Macdonald in neither role has the support of ordinary drama. There’s almost no dialogue in “Ohio State Murders,” because what happened to Sue is less important than how Susan tries, and you think she’s spent decades trying to understand it. The children’s father, her white English professor (Bryce Bingham), is merely biological and later a forensic fact; He admires her essays and teaches her to love Hardy (especially “Tess of the Urbervilles”) as very important pieces of the psychological puzzle.

In a typical drama, Professor Sue can be seen wooing or comforting or ultimately dismissing her; Here we experience him only in small fragments, reading and lecturing and speaking a few words in his general direction. The same technique also keeps her roommate (Abigail Stephenson), aunt (Lissan Mitchell) and her boyfriend (Mr. Fitzgerald) at a distance, as Susan describes their interactions rather than involving Sus.

Kennedy seems intent on defying the ease and publication of a traditional scene, just as he suggests a conceptual collection in which all space and furniture in Beowulf Boritt’s rough interpretation is a dump of library shelves full of legal tomes. But Macdonald was unsentimental; Her performance creates a crushing catharsis that goes unrecognized in some ways.

Leon, too, works brilliantly against the grain of the play. In thoughtfully mimicked vignettes, she shows us that the other characters are, to put it nicely, not just puppets of Susan’s memory, but living beings with their own struggles. The script (by Alan Lee Hughes) and costumes (Dede Ait) are less restrained than you might expect, and with sound and music (by Justin Ellington and Dwight Andrews) the horror acknowledges other sensibilities. Even children are represented tactilely: pink fabric, soft as a scarf and easily lost.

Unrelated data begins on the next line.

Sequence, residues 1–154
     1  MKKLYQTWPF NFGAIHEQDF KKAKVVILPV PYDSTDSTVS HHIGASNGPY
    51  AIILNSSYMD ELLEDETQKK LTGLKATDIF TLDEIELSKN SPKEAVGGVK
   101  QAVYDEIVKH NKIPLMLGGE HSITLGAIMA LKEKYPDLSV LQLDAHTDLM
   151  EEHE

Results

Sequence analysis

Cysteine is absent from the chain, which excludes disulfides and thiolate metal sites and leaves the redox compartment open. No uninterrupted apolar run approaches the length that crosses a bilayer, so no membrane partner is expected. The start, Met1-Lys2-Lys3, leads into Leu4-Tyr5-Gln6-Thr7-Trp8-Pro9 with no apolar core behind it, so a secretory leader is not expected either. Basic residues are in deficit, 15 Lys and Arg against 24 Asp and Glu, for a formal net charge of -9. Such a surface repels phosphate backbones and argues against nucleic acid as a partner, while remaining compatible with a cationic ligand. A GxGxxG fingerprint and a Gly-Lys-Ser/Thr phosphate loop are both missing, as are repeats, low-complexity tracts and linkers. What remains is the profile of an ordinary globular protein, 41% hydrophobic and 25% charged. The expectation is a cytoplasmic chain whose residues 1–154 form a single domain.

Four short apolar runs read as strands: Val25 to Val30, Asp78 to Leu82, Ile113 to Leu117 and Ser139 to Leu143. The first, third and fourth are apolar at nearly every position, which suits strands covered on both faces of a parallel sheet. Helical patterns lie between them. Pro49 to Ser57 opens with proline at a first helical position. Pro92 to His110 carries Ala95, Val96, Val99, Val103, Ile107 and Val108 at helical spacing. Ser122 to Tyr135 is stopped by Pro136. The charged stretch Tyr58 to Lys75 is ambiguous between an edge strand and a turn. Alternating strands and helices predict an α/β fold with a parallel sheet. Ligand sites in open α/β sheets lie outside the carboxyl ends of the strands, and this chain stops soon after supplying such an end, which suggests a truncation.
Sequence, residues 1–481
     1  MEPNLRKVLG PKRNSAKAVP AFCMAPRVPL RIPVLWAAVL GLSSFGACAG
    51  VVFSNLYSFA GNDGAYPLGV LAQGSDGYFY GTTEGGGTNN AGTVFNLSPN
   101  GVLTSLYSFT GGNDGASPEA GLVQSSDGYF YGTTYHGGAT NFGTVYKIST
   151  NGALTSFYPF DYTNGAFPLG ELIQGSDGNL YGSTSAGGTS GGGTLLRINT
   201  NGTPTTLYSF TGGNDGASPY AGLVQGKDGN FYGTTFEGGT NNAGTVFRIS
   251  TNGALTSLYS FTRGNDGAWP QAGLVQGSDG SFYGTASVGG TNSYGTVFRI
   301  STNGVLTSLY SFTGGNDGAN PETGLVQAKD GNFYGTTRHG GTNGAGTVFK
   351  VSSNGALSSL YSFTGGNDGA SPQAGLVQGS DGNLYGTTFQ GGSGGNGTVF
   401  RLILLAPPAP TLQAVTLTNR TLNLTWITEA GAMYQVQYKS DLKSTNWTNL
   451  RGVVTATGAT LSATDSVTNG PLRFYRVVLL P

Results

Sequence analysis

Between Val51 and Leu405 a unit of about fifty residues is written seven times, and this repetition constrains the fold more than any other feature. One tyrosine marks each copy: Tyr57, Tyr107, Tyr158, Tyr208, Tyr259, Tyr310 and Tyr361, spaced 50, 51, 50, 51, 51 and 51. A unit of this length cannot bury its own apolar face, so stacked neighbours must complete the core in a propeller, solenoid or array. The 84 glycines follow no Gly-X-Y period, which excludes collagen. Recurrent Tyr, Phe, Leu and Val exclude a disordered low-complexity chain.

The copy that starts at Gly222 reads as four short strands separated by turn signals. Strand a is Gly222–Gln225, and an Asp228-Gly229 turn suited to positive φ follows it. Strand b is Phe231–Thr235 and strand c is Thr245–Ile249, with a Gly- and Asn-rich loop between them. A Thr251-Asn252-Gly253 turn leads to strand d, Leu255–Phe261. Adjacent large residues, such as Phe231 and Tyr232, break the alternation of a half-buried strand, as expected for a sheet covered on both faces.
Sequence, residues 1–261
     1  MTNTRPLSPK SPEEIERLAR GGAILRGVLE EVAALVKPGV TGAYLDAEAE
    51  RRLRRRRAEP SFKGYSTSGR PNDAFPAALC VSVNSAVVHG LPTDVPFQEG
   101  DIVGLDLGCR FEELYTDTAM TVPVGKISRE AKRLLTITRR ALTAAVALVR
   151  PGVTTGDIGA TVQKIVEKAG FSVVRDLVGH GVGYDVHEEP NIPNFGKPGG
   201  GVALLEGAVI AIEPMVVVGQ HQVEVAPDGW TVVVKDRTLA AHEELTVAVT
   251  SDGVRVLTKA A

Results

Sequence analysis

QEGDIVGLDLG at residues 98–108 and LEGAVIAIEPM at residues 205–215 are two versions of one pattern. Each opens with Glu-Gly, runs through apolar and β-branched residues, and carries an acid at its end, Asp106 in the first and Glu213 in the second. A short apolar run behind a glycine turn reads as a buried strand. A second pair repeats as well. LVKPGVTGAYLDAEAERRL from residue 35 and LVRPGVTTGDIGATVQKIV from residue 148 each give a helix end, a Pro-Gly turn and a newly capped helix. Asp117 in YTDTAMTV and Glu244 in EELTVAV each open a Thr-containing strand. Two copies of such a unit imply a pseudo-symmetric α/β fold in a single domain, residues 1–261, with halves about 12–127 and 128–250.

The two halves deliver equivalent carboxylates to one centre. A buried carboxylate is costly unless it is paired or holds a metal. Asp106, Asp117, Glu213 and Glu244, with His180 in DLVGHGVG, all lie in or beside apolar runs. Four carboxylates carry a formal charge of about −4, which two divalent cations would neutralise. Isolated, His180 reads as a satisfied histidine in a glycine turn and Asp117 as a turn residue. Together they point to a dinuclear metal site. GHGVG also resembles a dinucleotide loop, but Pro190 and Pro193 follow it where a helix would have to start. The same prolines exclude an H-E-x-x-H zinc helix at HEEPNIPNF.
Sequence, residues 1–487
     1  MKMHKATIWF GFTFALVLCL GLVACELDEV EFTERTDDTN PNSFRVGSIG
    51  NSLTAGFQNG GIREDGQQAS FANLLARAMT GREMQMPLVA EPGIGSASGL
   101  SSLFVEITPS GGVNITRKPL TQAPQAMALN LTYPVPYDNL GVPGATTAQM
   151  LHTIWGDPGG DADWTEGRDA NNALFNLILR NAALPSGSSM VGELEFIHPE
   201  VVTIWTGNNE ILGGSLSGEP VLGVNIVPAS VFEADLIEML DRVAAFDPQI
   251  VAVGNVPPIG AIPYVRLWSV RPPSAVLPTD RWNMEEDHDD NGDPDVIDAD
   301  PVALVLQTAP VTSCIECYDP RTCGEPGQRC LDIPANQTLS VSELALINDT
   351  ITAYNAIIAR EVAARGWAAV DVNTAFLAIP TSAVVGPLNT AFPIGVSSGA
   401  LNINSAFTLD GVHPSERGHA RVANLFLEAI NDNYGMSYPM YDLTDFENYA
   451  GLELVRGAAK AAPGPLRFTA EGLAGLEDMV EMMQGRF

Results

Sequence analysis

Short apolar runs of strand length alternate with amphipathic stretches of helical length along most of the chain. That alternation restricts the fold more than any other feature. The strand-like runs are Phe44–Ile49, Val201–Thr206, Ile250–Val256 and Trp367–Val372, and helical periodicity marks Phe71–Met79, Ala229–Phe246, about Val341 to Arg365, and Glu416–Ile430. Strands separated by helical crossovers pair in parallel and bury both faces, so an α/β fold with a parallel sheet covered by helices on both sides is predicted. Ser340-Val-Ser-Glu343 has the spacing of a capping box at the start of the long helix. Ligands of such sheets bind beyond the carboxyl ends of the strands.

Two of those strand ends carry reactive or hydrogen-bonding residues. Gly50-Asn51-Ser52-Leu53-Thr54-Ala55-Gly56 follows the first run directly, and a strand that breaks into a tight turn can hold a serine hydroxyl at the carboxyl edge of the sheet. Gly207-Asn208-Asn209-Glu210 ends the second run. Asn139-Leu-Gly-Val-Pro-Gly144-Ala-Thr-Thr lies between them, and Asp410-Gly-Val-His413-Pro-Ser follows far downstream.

Even these warming, sentimental additions don’t detract from the intellectual integrity of Kennedy’s conception, and Macdonald’s astonishing access to a sense of tragedy undercuts the characters’ prickly weirdness. In my opinion, these are rather improvisations, forcing us to experience the central themes of the play as internal conflicts and social problems.

The community is by no means let off the hook. The racism at the heart of the murder mystery is at the heart of everything else, and it’s unclear which is cause and which is effect. So when Suzanne describes the “columned mansions” that sit “like a castle” on Columbus’s High Street, one can’t help but think of garden architecture — and Sue, reading from a book about symbols, immediately drives home:

“A city must have a sacred geography,” he says, “never arbitrary, but strictly planned in accordance with the dictates of a doctrine which the community upholds.” In other words, Suzanne’s experiences of exclusion are not accidents of racism, they are its targets.

In theaters — and what we see in them. If the stock starts last in both the marquee and the title page, it’s not just luck, but luck to experience it. Because our great artists, Kennedy, Jones and Macdonald, have been using their artistry to argue the case for years.

Ohio State Murders
Through February 12 at the James Earl Jones Theater in Manhattan; Running time: 1 hour 15 minutes.